Review: Werewolves Within

Werewolves Within

Trailer

And the werewolves wake up…

Forest Ranger Finn (Sam Richardson) arrives at his new assignment in the isolated Vermont town of Beaversfield, and quickly meets the various inhabitants including quirky mail carrier Cecily (Milana Vayntrub), oil magnate Parker (Wayne Duvall) and isolationist trapper Emerson (Glenn Fleshler). When the town is isolated in a snowstorm and people start dying in unexplainably bloody circumstances, Finn and the townspeople must confront the possibility that one among them is a half-human, half-wolf monster.

We start off 2022 with a film that was a 2021 release in most of the rest of the world, but has taken its bow on Irish shores through Netflix on New Years Day. And it was an obvious one for me to take in. My days as part of the NUIM Games Society included plenty of rounds of Werewolves, a variation on the Mafia card game, that involves a group of players taking on the various roles of people in a lycanthrope-afflicted town, only some of them are secretly werewolves and are actively killing the other players. It’s a fun game and an easy premise for a film. This might be based more on the video game of the same name than the card game, but in essence they are pretty much the same thing.

And for much the same reasons that the card game is fun to play, Werewolves Within also succeeds pretty well. It’s a low-budget horror that could easily succumb to the temptation to be a gore-fest out to attract only a very certain kind of audience, but instead it decides to lean into the psychological side of things. The real horror of the premise isn’t that werewolves are killing people one-by-one, it’s that you don’t know who the werewolves are: could it be the cute postal worker you have a thing for? The obnoxious rich guy trying to buy out the town to build a gas pipeline? The creepy trapper in the cabin who threatens to shoot anyone that comes near him? The town drunk? The town crazy lady? The yuppies who moved here recently? How about you?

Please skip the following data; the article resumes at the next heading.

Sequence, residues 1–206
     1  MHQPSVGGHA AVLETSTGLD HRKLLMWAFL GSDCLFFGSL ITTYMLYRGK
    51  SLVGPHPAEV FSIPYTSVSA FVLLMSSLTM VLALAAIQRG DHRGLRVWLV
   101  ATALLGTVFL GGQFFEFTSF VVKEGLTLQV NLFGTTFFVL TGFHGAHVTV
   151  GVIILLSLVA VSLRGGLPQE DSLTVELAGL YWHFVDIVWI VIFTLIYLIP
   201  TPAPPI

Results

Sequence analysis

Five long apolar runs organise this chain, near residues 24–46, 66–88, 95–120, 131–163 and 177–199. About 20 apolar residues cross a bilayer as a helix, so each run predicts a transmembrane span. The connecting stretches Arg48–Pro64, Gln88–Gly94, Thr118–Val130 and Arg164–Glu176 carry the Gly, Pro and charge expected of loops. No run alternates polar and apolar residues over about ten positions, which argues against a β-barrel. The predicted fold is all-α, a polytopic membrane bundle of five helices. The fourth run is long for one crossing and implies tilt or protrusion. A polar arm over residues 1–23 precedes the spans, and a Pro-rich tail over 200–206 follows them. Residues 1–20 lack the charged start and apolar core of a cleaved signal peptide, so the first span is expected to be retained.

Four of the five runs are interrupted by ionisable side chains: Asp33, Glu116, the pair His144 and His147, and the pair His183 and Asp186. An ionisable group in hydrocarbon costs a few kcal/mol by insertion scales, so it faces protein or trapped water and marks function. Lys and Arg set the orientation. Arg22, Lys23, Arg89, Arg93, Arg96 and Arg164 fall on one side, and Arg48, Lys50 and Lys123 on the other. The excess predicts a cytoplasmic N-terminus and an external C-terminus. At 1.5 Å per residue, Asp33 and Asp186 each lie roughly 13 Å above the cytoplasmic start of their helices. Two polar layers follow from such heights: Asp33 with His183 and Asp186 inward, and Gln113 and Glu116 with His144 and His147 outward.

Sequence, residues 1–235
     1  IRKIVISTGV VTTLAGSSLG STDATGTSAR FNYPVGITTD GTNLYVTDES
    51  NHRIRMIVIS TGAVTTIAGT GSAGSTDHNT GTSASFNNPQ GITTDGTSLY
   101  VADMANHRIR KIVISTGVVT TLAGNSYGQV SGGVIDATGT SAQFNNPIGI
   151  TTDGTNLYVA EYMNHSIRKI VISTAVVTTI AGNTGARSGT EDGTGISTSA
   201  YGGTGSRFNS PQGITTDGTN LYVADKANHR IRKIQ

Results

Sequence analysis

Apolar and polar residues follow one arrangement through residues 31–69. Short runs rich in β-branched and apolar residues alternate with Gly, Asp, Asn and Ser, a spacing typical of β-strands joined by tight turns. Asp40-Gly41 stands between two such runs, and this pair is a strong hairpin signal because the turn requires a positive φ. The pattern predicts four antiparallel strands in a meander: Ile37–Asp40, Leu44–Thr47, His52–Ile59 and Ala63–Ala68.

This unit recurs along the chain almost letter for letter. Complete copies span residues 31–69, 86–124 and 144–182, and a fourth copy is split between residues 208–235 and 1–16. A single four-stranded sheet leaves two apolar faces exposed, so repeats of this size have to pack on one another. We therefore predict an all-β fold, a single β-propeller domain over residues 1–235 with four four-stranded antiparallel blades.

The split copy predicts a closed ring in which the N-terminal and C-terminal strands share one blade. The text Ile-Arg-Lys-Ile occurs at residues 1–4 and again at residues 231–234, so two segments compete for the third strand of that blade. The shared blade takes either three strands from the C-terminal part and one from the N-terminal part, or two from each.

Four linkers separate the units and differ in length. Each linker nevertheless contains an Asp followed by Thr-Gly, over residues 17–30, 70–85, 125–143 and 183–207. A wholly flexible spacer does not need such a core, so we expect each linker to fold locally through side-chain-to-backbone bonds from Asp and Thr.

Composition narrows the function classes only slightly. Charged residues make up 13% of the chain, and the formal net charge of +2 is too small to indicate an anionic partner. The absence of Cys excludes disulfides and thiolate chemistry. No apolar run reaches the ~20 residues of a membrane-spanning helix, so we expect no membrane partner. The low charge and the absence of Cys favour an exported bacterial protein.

You see what I mean. There’s lots of drama to be mined there, and Werewolves Within goes for it. But, understanding the nature of these kinds of role playing games, it doesn’t veer away from the slapstick comedy angle either. We spend an entertaining first act getting to know the residents of Beaversfield both old and new, with a particular emphasis on Finn and Cecily, the closest the town has to outsiders. Finn’s an almost stereotypical beta male trying desperately to be a stereotypical alpha, but he’s having some trouble: it’s only when he outlines the status of a long distance relationship to Cecily that he realises he actually got dumped. Amidst the various foibles and idiosyncrasies of the town’s population, these early sections set the scene, define the basic character and relationship dynamics, and set-us up nicely for when the bodies start appearing.

Richardson is a newcomer for me (I’ll catch-up on Veep one day), and I think does really well: comparisons to Daniel Kaluuya in Get Out are inevitable I suppose given the genre and the fact that he’s the only black cast member in a very white town, but for me this is something more in the Raimi-line of horror-comedy protagonists (throw in a touch of Taiki Watiti in there too actually) with Finn very out-of-his-depth, and showing it, but still a fundamentally decent guy just trying to get by (there’s an excellent through line where Richardson’s Paddington-esque nature goes against the self-help books that encourage him to stop being “nice for no reason” and embrace a very wolfish masculinity). His back and forth with Vayntrub is one of the highlights of the experience, with the two exhibiting a pretty clear spark right from the off.